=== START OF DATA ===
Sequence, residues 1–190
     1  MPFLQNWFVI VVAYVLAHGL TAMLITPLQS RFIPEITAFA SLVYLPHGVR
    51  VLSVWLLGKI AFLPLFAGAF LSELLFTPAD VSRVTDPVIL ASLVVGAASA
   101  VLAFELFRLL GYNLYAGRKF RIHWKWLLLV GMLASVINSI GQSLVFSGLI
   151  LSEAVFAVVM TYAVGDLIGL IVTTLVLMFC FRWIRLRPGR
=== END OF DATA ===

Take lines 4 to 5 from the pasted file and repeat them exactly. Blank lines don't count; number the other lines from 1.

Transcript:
   101  VLAFELFRLL GYNLYAGRKF RIHWKWLLLV GMLASVINSI GQSLVFSGLI
   151  LSEAVFAVVM TYAVGDLIGL IVTTLVLMFC FRWIRLRPGR